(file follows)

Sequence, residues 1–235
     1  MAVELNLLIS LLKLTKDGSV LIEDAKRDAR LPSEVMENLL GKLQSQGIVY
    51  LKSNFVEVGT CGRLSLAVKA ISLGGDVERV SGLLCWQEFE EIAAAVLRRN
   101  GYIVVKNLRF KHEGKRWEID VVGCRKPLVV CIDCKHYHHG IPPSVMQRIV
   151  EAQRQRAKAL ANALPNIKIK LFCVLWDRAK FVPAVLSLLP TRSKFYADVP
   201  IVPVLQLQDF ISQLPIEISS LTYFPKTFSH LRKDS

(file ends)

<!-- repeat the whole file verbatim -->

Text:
Sequence, residues 1–235
     1  MAVELNLLIS LLKLTKDGSV LIEDAKRDAR LPSEVMENLL GKLQSQGIVY
    51  LKSNFVEVGT CGRLSLAVKA ISLGGDVERV SGLLCWQEFE EIAAAVLRRN
   101  GYIVVKNLRF KHEGKRWEID VVGCRKPLVV CIDCKHYHHG IPPSVMQRIV
   151  EAQRQRAKAL ANALPNIKIK LFCVLWDRAK FVPAVLSLLP TRSKFYADVP
   201  IVPVLQLQDF ISQLPIEISS LTYFPKTFSH LRKDS